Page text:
Sir Dan said that a key question for the success of autonomy reform is whether the incentives are adequate to draw high quality operators into rural, coastal, and other areas of need.
The best way of doing so would be to ensure that per pupil funding was not subject to so much regional variation, and in particular that pupil premium funding is set at a level sufficient to both attract the right operators to these areas, and pay for the improvements needed in these schools. CMRE research has shown that while the introduction of a straightforward profit motive may not be politically feasible, it might help. The evidence that for-profit providers at least do no worse than other types of schools in terms of their educational performance is clear, while competition effects appear to compensate. Most importantly the profit-motive does not discriminate: investors are interested in opportunities; they often take them in areas where opponents seem to least expect them to – as, in education, in special needs or early years’ education. Sir Dan recognised the desirability of expressly prioritising the educational return on investment in some way. He argued that the potential of social impact bonds for raising private capital for the purpose of tackling regional disadvantage should be looked at as an alternative to PFI-type arrangements.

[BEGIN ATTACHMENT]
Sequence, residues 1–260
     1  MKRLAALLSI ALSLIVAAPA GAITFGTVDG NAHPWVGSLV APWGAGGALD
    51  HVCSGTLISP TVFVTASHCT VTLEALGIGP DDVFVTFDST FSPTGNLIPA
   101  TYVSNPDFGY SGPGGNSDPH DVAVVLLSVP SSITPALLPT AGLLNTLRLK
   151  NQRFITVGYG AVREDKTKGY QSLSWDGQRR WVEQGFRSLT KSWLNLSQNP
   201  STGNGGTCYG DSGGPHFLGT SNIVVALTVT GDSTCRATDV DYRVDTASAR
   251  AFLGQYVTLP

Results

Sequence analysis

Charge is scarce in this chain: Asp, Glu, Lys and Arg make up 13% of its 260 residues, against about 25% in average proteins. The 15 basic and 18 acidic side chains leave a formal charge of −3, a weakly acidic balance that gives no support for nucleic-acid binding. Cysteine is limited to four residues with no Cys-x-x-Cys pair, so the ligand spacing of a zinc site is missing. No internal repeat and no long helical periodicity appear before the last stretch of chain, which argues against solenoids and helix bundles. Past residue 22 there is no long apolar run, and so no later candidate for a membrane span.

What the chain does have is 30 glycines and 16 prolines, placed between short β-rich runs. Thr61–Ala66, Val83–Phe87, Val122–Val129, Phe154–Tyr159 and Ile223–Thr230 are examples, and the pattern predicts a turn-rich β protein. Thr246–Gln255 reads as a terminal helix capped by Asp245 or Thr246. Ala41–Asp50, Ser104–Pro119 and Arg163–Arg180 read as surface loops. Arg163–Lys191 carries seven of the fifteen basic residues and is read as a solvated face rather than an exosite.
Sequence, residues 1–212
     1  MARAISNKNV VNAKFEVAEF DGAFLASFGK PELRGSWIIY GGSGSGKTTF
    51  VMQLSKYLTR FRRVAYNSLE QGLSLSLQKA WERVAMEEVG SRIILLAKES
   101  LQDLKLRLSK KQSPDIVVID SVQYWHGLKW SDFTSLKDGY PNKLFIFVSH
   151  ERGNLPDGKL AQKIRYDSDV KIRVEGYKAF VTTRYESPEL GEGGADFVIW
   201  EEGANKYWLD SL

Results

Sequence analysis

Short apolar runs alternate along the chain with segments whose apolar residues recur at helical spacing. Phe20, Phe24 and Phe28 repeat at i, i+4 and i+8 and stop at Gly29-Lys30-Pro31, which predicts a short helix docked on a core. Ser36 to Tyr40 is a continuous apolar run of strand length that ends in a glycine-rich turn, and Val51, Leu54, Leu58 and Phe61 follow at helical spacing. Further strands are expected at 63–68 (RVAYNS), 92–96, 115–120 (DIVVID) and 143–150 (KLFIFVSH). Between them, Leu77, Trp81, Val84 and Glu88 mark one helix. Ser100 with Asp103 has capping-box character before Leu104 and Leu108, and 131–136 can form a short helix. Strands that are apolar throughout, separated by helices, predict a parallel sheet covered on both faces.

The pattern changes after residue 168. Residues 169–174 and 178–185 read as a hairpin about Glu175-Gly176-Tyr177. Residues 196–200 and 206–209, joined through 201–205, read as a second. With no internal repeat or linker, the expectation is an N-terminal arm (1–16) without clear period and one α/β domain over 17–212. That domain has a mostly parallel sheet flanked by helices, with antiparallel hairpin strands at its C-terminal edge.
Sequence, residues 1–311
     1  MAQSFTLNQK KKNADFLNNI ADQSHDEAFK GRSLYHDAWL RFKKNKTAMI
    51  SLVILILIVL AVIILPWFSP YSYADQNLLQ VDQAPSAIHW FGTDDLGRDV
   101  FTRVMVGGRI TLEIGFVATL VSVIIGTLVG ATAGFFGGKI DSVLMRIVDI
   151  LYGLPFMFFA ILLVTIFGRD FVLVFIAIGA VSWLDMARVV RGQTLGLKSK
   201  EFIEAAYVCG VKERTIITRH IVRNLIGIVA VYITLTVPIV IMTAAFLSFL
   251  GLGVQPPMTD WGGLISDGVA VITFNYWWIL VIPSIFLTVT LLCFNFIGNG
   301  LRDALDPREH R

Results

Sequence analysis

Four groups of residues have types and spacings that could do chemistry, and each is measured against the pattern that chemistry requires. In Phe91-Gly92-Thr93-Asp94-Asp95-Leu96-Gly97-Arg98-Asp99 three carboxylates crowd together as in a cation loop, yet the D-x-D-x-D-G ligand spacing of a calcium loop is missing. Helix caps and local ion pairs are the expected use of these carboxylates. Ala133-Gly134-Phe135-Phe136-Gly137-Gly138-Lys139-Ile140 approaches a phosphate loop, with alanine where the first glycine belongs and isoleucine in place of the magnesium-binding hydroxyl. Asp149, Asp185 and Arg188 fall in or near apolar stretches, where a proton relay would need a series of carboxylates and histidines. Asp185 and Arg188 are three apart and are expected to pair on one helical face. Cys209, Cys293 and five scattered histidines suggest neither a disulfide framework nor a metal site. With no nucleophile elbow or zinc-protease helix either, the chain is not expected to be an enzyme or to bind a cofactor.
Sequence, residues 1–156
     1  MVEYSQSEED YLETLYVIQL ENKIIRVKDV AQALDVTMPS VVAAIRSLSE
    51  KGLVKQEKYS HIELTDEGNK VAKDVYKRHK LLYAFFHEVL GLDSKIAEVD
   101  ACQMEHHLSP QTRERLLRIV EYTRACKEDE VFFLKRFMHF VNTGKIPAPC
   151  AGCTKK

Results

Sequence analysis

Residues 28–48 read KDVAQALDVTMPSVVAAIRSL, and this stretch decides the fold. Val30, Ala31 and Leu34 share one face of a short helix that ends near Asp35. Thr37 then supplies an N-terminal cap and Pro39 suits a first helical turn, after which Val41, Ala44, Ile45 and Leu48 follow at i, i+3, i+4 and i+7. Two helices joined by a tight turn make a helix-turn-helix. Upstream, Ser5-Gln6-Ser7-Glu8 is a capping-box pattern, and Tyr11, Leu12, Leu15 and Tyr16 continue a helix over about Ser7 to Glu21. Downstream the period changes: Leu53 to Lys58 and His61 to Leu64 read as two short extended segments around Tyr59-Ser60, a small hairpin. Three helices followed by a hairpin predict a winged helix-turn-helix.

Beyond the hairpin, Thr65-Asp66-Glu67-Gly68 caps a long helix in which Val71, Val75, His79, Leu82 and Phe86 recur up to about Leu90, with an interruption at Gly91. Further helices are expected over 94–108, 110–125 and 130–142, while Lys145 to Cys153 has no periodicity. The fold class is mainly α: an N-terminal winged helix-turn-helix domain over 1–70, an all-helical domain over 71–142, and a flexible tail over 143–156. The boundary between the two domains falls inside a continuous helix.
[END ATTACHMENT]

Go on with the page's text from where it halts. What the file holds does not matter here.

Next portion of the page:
He said that the main alternative approach of requiring Sponsors of a certain size to take on difficult schools in difficult areas, on the other hand, would run the clear risk of placing stress on the resourcing of other schools, to which Sponsors had already committed. While the government's focus now appears to be on requiring independent schools, higher education institutions, selective and faith schools to get involved in the business of Sponsorsing new schools, contraining these to support its agenda runs similar risks. James added i nconclusion that this was quite apart from the overall strategy being based on faulty assumptions about the transferabilty of leadership expertise from these into regular state school contexts.